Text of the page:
No, even the Iranians should be happy with the delay... and not just for the cynical reason that any delay buys them the time they want and need to advance their nuclear weapons program. They also very much want sanctions relief, and to get it, they need the deal to win support from the U.S. Congress. Given the efforts of multiple forces to block the deal, this will mean the Obama administration and the president himself will have to systematically engage opponents in a way they seldom do on anything. Winning support on Capitol Hill and with the American people for such a deal is potentially the president's next big domestic political test. Failure on this after the failure to win support for his Syria efforts, the blowback from the NSA scandal, and his unsteady and confusing Egypt policies would be a big setback for the president during his second term, a period in which chief executives often turn to foreign policy to shape their legacies.

Of central concern to those domestic and international skeptics and opponents of any kind of rapprochement with Iran will be how the administration will ensure any deal is being adhered to and whether they have the resolve to punish Iran for any missteps or misrepresentations. If the President and his team can make a compelling case that they do, and then such a deal is certainly a risk worth taking. However, if the deal is seen as a dodge, as a way to avoid testing the president's resolve to do whatever is necessary to stop Iran from developing nuclear weapons, or even as a way to simply punt the hard questions associated with Iranian nukes to the next Oval Office occupant, then few will or should support what would amount to simply papering over one of the Middle East's great problems.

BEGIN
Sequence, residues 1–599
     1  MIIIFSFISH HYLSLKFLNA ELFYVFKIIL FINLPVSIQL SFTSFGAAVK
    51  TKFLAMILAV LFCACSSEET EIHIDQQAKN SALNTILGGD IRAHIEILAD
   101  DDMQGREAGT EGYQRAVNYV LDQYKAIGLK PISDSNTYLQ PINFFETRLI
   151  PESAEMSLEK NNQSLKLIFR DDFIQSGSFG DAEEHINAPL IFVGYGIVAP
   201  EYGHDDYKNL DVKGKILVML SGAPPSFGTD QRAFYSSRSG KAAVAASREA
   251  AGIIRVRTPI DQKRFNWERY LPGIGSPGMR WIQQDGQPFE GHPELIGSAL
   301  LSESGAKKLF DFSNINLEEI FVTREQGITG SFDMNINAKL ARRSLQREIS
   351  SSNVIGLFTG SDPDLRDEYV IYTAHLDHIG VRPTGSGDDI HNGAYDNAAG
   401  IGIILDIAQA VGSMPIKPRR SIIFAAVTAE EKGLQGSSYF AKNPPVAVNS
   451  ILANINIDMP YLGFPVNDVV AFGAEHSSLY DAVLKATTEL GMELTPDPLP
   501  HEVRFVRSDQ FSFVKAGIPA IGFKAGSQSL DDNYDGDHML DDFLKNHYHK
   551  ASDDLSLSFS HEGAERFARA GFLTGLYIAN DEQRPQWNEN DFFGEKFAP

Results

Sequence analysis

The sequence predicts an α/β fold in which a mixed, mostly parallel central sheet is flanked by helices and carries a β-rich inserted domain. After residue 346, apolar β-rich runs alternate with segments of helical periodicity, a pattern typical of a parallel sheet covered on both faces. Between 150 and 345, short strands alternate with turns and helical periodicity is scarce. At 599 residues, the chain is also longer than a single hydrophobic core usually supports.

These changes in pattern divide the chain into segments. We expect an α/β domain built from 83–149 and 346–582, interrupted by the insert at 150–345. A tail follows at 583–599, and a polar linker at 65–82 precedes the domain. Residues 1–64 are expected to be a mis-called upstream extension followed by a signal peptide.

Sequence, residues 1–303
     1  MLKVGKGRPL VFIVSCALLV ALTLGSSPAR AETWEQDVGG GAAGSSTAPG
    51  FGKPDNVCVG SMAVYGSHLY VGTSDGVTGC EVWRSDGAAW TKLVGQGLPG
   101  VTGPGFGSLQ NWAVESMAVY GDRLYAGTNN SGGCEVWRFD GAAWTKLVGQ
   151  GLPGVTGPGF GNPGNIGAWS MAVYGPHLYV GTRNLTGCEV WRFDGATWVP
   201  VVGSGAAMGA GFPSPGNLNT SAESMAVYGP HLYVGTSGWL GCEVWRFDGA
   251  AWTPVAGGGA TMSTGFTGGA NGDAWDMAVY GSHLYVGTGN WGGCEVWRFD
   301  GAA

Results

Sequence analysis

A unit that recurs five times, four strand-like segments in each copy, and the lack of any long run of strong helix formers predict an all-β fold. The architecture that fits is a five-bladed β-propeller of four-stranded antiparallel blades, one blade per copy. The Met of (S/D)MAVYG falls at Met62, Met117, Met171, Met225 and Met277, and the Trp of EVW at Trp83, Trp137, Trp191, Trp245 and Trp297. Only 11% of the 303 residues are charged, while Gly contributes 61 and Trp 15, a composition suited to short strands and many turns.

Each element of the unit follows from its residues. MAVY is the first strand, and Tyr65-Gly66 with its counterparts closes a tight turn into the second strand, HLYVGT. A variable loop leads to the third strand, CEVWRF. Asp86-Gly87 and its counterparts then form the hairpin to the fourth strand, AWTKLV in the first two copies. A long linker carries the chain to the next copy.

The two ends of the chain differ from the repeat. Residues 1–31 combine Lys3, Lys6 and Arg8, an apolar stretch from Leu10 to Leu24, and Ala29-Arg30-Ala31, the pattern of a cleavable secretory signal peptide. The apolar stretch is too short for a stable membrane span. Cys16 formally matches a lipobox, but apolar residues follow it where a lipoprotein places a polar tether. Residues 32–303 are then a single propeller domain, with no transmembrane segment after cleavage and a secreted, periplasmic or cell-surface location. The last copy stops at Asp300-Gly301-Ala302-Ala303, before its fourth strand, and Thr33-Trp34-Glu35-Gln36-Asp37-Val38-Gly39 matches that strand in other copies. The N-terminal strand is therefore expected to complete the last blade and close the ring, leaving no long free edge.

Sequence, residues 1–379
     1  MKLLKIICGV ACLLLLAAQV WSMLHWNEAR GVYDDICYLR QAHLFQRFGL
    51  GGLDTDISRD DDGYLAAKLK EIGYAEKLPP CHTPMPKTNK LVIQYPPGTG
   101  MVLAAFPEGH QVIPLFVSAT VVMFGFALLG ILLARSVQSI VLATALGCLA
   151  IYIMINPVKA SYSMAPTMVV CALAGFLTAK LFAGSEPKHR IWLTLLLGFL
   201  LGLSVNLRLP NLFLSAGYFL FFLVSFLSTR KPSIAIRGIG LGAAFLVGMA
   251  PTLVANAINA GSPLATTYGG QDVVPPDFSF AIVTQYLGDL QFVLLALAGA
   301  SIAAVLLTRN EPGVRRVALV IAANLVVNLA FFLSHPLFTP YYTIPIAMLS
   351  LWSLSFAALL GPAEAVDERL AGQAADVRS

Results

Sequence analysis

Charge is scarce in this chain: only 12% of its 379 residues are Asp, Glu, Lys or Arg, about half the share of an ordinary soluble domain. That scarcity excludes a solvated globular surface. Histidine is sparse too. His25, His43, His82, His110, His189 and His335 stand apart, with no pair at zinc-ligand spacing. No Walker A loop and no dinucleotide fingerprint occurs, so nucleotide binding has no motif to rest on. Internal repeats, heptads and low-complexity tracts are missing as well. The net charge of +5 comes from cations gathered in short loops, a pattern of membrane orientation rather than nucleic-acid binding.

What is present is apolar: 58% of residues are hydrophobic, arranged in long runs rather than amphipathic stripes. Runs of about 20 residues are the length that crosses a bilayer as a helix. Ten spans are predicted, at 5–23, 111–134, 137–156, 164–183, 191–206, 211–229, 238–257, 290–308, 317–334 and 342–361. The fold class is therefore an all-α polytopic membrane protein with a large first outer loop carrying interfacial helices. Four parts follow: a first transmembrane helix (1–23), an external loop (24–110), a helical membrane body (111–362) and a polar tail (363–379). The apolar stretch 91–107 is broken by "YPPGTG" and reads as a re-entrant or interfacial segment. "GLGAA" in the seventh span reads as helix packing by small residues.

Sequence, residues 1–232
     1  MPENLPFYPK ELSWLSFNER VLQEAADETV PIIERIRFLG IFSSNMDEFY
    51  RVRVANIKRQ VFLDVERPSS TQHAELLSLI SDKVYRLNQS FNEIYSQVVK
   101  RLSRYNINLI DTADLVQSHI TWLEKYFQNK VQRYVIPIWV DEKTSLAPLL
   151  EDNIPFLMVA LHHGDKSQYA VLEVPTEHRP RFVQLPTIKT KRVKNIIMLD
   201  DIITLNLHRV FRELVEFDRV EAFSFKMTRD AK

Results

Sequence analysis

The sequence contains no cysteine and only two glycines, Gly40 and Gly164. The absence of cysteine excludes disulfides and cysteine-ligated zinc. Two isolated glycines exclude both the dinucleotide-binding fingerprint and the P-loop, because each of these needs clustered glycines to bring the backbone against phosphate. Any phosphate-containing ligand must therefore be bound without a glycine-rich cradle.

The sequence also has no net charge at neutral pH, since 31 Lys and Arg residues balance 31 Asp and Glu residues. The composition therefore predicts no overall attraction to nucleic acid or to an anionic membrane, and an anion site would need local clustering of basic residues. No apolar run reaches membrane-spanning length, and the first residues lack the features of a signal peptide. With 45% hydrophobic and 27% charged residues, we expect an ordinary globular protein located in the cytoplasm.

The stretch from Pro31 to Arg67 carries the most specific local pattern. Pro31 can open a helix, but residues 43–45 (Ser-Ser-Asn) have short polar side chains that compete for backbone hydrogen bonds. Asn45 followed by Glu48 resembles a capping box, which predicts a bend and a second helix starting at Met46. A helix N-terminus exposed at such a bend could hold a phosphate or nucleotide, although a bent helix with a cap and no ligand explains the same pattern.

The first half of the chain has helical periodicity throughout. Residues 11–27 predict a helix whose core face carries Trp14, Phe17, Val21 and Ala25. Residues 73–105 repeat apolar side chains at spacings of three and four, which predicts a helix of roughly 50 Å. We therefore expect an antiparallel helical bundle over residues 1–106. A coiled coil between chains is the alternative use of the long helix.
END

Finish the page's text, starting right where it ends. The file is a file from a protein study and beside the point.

In short, the most critical component of this deal is not the words drafted by diplomats but what lies in the heart of the Iranians and the president of the United States. If Iran reverses past patterns and actually complies, the deal could be part of a game-changing reduction of tension that all in the region should welcome. But because that is a change without precedent and one that goes against the grain of decades' worth of Iranian behavior, as well as the character and commitment of the president of the United States, it is even more important to its success. If the Iranians believe President Obama is resolved to enforce it swiftly and decisively, it may work. If they think he will be reluctant to take tough enforcement measures, if they think he can be played -- either because he wants the legacy of an apparently successful deal or because he simply is loath to run the risk of costly, dangerous military action against Iran -- then history suggests they will play him (much as past U.S. leaders have been played in other such "deals" as was the case with North Korea).